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YouTube Privacy and Security: It's Not What You Think

I recently encountered a situation wherein an individual created a video of private material without my knowledge and consent, placed it on YouTube as unlisted, then refused to remove it with the justification that switching it to private was proper amelioration.

An unlisted video means only those who know the link can view it. YouTube’s site indicates it will not appear in its public spaces (search results, your channel, or the Browse page). You don’t need an account to watch it, and there isn’t a 25 person sharing limit. Although your video won’t appear in YouTube’s public spaces, links could still end up on the web if put out there by those with whom you shared the URL. Users are thus advised to mark the video as private.

If your video is set to private, only you and up to 50 others you invite can view it. Again, it will not (according to YouTube) appear on your channel, in search results, or in playlists etc.

Because I am reasonably tech savvy, I shared the below information with the aforesaid individual in an appeal to basic decency, common sense, and respectful use of internet tools. To date it has been unsuccessful; in part due to a naive belief in YouTube’s representations. I suspect the other piece is sheer asininity, but let’s leave that for another time. Or not…

It is particularly important during times like these to compel entities such as YouTube, Facebook, LinkedIn, and other social media or Web 2.0 brands to stay on top of their privacy and security issues - and to maintain flexibility when a breach renders policies or guidelines less effective.

For instance, in order for YouTube to remove content, an individual must be uniquely identifiable: by voice, full name, image, Social Security number, contact information (email, address, etc.), or bank account. If it’s address information and you are not named, you’re out of luck. Nor does it matter if you can identify yourself, as this alone doesn’t make you unique to others.

As a policy consultant, I appreciate the value of setting such parameters. Nonetheless, the upshot with YouTube is I could film portions of your home without your knowledge and consent, then upload it as an unlisted or private video to be seen by whomever I please. That you didn’t approve this might have some bearing on YouTube’s decision-making process, but you are unlikely to succeed in having the video removed from another’s channel.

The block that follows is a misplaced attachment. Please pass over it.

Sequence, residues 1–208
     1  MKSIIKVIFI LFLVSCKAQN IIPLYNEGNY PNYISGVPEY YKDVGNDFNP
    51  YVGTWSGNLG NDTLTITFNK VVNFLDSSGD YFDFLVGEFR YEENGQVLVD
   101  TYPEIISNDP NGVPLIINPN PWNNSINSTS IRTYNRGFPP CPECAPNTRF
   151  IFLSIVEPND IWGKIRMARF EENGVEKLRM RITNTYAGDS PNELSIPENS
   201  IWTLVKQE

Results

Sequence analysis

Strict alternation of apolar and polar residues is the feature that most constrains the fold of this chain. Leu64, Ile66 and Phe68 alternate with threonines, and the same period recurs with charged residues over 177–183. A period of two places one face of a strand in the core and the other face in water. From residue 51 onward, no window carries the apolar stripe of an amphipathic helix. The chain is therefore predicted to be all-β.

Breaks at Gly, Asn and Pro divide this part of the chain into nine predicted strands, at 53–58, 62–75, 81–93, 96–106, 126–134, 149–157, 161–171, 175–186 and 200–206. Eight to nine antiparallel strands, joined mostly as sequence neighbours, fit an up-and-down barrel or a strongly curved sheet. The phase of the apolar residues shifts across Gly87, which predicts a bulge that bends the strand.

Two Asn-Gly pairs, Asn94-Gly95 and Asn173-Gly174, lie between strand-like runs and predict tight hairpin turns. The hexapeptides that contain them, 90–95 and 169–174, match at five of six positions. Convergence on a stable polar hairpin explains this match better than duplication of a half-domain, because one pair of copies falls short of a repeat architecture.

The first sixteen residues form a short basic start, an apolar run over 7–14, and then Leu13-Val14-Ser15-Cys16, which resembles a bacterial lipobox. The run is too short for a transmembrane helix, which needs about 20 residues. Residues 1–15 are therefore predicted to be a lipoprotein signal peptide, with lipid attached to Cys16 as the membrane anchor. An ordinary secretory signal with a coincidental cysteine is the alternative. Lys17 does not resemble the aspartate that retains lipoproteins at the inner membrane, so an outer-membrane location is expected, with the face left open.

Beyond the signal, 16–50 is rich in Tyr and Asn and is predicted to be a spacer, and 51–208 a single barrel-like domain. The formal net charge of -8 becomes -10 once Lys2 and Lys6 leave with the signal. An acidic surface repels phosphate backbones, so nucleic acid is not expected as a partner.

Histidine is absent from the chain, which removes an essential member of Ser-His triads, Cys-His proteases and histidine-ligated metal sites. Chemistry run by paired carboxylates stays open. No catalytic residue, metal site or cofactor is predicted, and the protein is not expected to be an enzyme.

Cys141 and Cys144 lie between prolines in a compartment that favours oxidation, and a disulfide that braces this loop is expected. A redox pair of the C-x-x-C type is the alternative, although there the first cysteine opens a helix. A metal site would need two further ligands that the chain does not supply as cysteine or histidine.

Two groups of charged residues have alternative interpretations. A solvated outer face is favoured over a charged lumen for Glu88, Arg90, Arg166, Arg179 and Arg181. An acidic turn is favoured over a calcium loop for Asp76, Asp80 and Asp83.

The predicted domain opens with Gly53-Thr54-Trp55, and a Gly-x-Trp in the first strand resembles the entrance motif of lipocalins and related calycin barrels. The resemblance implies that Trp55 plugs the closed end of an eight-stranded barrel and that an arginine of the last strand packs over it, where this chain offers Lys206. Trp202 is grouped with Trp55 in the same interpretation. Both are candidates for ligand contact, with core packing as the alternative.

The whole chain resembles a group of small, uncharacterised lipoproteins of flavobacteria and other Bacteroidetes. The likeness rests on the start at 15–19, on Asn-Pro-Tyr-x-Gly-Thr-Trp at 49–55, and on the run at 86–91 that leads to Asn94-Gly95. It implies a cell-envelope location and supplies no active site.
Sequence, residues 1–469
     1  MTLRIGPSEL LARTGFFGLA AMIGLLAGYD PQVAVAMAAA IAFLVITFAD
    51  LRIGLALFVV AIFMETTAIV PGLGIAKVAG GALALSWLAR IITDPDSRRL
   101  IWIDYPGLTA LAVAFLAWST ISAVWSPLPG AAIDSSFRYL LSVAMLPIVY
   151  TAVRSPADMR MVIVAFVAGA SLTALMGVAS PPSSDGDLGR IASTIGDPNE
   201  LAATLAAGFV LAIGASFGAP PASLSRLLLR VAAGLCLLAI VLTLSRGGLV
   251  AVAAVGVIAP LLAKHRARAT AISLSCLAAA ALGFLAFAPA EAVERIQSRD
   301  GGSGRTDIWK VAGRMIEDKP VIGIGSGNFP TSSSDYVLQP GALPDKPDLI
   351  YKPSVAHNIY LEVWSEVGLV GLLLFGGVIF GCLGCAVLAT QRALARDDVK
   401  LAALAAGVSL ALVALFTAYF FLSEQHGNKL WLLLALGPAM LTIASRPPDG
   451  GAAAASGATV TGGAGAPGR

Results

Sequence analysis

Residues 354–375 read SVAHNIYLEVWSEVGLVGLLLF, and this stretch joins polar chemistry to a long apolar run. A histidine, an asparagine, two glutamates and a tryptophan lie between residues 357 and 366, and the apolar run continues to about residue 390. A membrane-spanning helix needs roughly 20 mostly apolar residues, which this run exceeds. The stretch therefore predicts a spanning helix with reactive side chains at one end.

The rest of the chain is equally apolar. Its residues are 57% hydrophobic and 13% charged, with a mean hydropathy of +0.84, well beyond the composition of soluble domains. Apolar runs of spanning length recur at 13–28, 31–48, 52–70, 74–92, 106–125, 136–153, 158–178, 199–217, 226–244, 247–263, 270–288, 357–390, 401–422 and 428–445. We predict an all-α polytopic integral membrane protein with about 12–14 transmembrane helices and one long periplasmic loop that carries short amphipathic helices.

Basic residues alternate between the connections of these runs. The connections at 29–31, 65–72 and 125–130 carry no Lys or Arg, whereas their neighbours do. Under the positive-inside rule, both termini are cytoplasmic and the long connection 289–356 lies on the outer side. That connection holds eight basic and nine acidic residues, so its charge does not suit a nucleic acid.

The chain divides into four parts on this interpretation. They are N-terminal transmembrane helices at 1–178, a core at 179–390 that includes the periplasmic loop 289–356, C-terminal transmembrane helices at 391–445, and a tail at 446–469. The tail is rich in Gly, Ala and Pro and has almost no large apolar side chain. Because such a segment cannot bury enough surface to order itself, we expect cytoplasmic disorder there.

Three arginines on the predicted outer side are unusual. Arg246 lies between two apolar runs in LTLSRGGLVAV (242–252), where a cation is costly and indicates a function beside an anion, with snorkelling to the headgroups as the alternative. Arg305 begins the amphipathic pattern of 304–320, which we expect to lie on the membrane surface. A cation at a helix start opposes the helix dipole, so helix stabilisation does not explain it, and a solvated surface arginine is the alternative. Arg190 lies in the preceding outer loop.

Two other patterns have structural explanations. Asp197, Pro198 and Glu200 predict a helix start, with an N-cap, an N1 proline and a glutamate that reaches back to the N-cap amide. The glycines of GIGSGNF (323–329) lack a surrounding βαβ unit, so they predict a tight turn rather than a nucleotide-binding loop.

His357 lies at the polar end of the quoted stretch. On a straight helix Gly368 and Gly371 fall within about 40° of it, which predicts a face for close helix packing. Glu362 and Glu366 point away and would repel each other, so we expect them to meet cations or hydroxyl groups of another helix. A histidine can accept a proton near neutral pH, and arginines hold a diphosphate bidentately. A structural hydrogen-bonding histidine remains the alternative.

Such a bitter pill is more difficult to swallow when one considers how easy it is to pierce YouTube’s veil of privacy. Entering generically related terms in Google produced hundreds of videos the creators most likely believe are unlisted and inaccessible to the public when they are not. The growing list of new ones continues to be indexed, and similar results were produced for those presumed to be private.

In addition, by slightly tweaking the original link to a private or unlisted YouTube video, one can be led to that video. But we’re not done. YouTube creates four images from uploaded videos. A cursory Google search will produce the URLs one can couple with the video id to locate images for what should be private or unlisted content available only to those of one’s choosing.

Having said all the above, I’ve no means of determining how many videos were exposed because of sharing beyond the expected group…but it’s not likely to be all of them. Nor am I advocating paranoia via this information about privacy loopholes. However, it becomes increasingly clear, at least to me, that YouTube should accommodate well beyond its ‘uniquely identifiable’ criteria until it can better protect what is ultimately more accessible than it should be.

More later on the end result of my experience.

Doña Keating is President and CEO of Professional Options, a prominent innovator in the policy and management consulting industry which provides solutions for businesses, organisations and governmental agencies. She is also a principal in K2 Strategic Solutions, a partnership between Professional Options and Keating Consulting Service which has a combined 50 year history of providing information technology, policy, and management consulting.

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